What’s a good credit score? Depends on your age

Graham Cooke 17 November 2016

How credit scores vary across Australia, and why it matters to you.

Australians who have checked their credit score are more likely to have a missed a credit card repayment, and far more likely to have missed a mortgage repayment. This suggests that many people only check their score once they have run into some financial trouble, and have been declined for a loan or credit card. This is just about the worst time to find out that you have a bad credit rating. There’s a general perception that checking your credit score will have some sort of negative effect on it - in fact in a recent survey we found that one in four Australians believe this. The reality is that you can check your score for free, and doing so will not affect it. The video below discusses what exactly makes a good score.

So, now that you’ve checked your score and understand it a little better, you may be wondering how you fit compared to everyone else? How much do credit scores vary across Australia? The answer is - not very much. We crunched the numbers of over 8,000 credit scores obtained via finder.com.au. All data was anonymous, and included only score, age and state of residence. It turns out that southern mainland states all have very similar median scores - NSW, VIC, ACT, SA and WA all clock in around 776. The outliers are Tasmania, which rockets to the top with a median score of 789.5, and NT paired with Queensland, which come marginally below the national average around 760.

So - are Territorians really that bad with credit, and what’s so special about Tasmania? First it’s important to note that all of the state medians fall into the bracket of a “very good” credit score (726-832). Now have a look at the second chart - this depicts the median credit score by age in our sample data. Perhaps unsurprisingly, credit scores increase with age. The average credit score for an 18-year-old, the age at which most Aussies will sign their first contracts and start establishing a credit history, is only 424. One year later, however, the median jumps to 672. From here, for most, it’s a fairly predictable journey involving graduating from school or university, starting a career, buying a first car or home, getting married, starting a family, sending kids to university and eventually retiring with a paid-off mortgage. Family capital increases through this whole journey, and as this happens credit becomes easier to access. This can, to a degree, help explain the difference between the states.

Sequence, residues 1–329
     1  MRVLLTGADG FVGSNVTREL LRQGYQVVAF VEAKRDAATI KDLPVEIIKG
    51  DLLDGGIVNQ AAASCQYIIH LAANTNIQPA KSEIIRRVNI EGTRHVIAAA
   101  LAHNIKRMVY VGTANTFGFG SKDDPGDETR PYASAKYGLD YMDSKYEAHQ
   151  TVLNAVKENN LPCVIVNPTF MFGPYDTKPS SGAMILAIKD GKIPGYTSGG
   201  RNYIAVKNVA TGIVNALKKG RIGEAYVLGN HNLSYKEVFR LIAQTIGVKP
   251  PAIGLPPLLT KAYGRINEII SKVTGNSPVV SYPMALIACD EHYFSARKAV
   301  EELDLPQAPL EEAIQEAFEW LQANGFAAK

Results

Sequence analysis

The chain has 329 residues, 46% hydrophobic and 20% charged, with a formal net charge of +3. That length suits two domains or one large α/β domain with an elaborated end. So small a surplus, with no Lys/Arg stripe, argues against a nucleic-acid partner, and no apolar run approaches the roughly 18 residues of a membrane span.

Tasmania, with the highest median credit score of 789.5 also has the highest median age (42). The Northern Territory, with the lowest score (758) has the lowest median age (32). The states in between don’t really fall into line. South Australia and Queensland, for example, have the same median age of 40 but very different median credit scores, so there's more to the state-by-state variance than just median age.

Your credit score can make a big difference. Not only will a low score nullify a lot of credit options, a good score will often mean you can get a lower interest rate, which matters. A 0.50% difference in an interest rate could save you $54,000 over the life of a $500,000 loan. So what if your score is below average? The first thing to do is order your credit report from Veda and check it for any errors. If there are any, you can report them to Veda’s resolution centre. Secondly, if you don’t currently have a credit card, try applying for a free low-interest product. Even if you only use it moderately, it will help build your credit history. You can find more tips here.

Graham Cooke's Insights Blog examines issues affecting the Australian consumer. It appears regularly on finder.com.au.

Recent Insights blogs

More great ideas from finder.com.au

Get a life insurance quote
Get a life insurance quote

Find out what it costs to protect yourself and your family

More info...
Refinancing home loans
Refinancing home loans

Choose from offers with rates as low as 3.39% p.a.

More info...
Google Pixel
Google Pixel

Compare plans for Google's flagship Android phone

More info...
Christmas ideas
Christmas ideas

Visit our Christmas homepage for gift ideas, markets, travel & deals

More info...

Ask a Question

You are about to post a question on finder.com.au

  • Do not enter personal information (eg. surname, phone number, bank details) as your question will be made public
  • finder.com.au is a financial comparison and information service, not a bank or product provider
  • We cannot provide you with personal advice or recommendations
  • Your answer might already be waiting – check previous questions below to see if yours has already been asked

Disclaimer: At finder.com.au we provide factual information and general advice. Before you make any decision about a product read the Product Disclosure Statement and consider your own circumstances to decide whether it is appropriate for you.
Rates and fees mentioned in comments are correct at the time of publication.
By submitting this question you agree to the finder.com.au privacy policy, receive follow up emails related to finder.com.au and to create a user account where further replies to your questions will be sent.

Ask a question
feedback